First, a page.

She's been overbilled for sewer service but the city won't completely reimburse her

 Like any other homeowner, California (Mountain View) resident Denise Salles receives a stack of bills in the mail each month. And like most people, the 60-year-old tech writer didn’t give these payments too much attention. Her eye would usually go straight to the amount owed, and that’s what she would write into her checkbook. But in recent days, Salles has gotten a painful lesson in how that trusting approach can go wrong. She learned a longstanding error on her utility bills had caused her to overpay more than $5,400 over the course of 20 years. Salles is demanding a refund from the city. But while city officials acknowledge they overcharged her, they say they have no obligation to pay back most of it.

This dispute started last month when she received a letter from the Mountain View Finance Department notifying her of the error in her sewer bill. A city accountant explained that Salles’ townhouse had been incorrectly charged for two sewer connections, instead of the one hookup she actually used. But the most startling thing about the error was how it compounded over time. The city had been overbilling her since 1996, when she first bought her house. In the letter, the city’s account technician said the city was refunding Salles for only the last three years of overcharged sewer bills, or about $1,050. He noted this was more than the city was obliged to pay back.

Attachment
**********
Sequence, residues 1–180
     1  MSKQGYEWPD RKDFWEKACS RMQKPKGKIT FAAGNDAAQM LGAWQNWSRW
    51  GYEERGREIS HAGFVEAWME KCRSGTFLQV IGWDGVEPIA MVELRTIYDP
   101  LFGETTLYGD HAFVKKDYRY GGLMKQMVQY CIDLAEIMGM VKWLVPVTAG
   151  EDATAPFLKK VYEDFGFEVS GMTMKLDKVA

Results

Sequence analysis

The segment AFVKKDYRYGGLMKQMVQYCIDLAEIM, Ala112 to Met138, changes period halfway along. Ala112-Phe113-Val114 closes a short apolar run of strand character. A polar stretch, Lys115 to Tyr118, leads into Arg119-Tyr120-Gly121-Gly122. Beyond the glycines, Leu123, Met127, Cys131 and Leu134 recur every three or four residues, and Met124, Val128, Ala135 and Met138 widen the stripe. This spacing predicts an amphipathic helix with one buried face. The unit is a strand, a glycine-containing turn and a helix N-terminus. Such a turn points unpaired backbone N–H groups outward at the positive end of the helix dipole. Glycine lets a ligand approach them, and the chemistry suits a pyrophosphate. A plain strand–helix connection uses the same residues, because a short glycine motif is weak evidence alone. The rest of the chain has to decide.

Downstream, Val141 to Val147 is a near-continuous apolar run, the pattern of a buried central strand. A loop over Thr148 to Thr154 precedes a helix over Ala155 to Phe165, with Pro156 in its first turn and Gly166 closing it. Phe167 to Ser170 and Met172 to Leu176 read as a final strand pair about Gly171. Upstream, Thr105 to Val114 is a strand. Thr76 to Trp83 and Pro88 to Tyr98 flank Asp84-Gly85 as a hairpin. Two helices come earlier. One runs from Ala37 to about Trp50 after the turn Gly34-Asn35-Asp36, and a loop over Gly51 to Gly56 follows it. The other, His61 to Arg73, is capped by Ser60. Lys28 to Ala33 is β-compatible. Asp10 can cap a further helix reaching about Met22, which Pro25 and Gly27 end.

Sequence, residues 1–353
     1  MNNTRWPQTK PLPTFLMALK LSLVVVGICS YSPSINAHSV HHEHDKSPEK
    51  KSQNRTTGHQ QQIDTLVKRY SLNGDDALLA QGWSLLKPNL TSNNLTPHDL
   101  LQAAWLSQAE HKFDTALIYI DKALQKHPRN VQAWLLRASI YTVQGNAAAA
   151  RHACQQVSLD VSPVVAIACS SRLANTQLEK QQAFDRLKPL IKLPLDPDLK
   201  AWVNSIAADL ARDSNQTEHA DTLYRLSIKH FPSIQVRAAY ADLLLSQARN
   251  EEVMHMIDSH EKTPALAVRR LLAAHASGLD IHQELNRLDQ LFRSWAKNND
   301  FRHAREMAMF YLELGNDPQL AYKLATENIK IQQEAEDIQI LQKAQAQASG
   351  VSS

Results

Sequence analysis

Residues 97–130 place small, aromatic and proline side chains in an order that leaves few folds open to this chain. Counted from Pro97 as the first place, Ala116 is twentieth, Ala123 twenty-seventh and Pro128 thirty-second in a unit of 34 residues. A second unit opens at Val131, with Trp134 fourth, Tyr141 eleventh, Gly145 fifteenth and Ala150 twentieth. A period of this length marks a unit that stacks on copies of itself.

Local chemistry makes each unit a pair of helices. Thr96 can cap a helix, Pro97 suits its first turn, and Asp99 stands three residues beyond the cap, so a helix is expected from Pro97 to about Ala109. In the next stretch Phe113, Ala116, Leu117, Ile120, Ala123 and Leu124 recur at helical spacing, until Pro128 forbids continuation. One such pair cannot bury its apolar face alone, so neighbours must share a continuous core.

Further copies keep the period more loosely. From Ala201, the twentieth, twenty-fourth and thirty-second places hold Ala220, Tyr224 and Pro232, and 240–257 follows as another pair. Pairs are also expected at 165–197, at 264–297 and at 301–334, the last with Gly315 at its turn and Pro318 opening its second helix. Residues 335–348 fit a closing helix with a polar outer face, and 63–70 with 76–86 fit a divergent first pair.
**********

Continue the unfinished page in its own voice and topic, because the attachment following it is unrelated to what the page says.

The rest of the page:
City officials say it remains a mystery exactly why Salles was overbilled for so many years. The error was reportedly first discovered as a routine matter as staffers prepared to send out bills to ratepayers. They gave assurances that the problem was isolated to Salles' address, and that no one else was affected.

The city was working to fix the error, but city officials were not necessarily responsible for causing it, Quinn said. She noted that the legal statute of limitation for recovering money from a public entity is only one year.

"We don't know how the mistake occurred but we want to fix it going forward," Quinn said. "When an overpayment like this occurs we have our policies that we follow, and we're going above and beyond that here."

This answer leaves Salles unsatisfied. She has written to the mayor and other city officials about the issue, and they assured her they would look into it. If that goes nowhere, she said she would consider some kind of legal action against the city.

"Part of what makes me angry here is the city's assumption that this is OK," she said. "This is a moral issue; it's the government versus a person who is attempting to live within the law."

So is the city at fault or should she have been better at checking her bills more rigorously?



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